A court in The Hague ruled that the Russian government owes shareholders of the defunct Moscow-based oil company Yukos US$50 billion in compensation for seizing the company in 2004, the Wall Street Journal reported Monday.
The award by the Permanent Court of Arbitration is the largest judgment ever by the court.
The $50 billion in compensation is only about half the amount shareholders sought.
The arbitration panel based the compensation on Yukos’ value in 2003, when the Russian government began taking steps to seize the company.
In 2004, the company was hit with tens of billions of dollars in back-tax claims.
Yukos declared bankruptcy in 2006 and its main assets were liquidated and sold to state-controlled Russian companies.
Russian officials maintained that the Yukus seizure was purely a tax matter. However, the move was widely seen as a politically motivated attack on Yukos’s CEO Mikhail Khodorkovsky.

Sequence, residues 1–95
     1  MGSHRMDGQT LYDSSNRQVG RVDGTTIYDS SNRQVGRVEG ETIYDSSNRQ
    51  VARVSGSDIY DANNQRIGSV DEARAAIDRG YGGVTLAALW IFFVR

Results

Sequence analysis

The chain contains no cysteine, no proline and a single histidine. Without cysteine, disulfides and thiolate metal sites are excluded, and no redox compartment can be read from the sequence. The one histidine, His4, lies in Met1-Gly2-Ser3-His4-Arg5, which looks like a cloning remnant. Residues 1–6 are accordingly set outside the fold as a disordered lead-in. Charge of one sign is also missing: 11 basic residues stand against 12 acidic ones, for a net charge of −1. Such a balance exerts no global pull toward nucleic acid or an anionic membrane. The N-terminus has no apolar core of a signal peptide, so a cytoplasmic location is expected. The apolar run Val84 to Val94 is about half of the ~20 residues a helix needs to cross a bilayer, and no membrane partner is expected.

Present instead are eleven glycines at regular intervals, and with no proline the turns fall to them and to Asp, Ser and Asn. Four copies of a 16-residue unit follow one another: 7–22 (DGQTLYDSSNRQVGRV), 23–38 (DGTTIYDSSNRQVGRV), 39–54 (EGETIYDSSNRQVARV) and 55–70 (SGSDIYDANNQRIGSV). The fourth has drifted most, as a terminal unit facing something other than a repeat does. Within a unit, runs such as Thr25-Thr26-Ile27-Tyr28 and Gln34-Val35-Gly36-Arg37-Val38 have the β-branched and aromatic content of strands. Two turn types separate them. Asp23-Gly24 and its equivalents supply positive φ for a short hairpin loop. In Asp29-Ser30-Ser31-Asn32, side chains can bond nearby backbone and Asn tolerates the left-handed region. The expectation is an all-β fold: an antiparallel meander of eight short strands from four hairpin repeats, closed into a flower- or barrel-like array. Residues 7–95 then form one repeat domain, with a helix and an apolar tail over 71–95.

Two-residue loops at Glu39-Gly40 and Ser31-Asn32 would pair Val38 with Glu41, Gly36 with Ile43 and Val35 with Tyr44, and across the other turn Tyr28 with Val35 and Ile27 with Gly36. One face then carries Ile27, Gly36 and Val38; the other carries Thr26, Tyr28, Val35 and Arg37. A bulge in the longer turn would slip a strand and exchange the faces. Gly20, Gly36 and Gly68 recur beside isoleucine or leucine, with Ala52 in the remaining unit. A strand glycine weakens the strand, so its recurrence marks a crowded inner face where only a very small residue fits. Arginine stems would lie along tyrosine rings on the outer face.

Khodokovsky and his business partner, Platon Lebedev, were jailed on charges of fraud and tax evasion in 2003.
Khodorkovsky served nine years in prison before receiving a pardon from Russian president Vladimir Putin.
“It is fantastic that the company shareholders are being given a chance to recover their damages,” Khodorkovsky told the Wall Street Journal.
The Russian finance ministry said it would appeal and called the settlement “seriously flawed” and “politically biased,
the Wall Street Journal said.
Lawyers said the appeal could take many years and ultimately recovering the award may prove challenging.
Yukos’ management filed a separate expropriation claim in the European Court of Human Rights on behalf of minority shareholders worth up $38 billion, Wall Street Journal said.
A ruling on that suit is expected Thursday.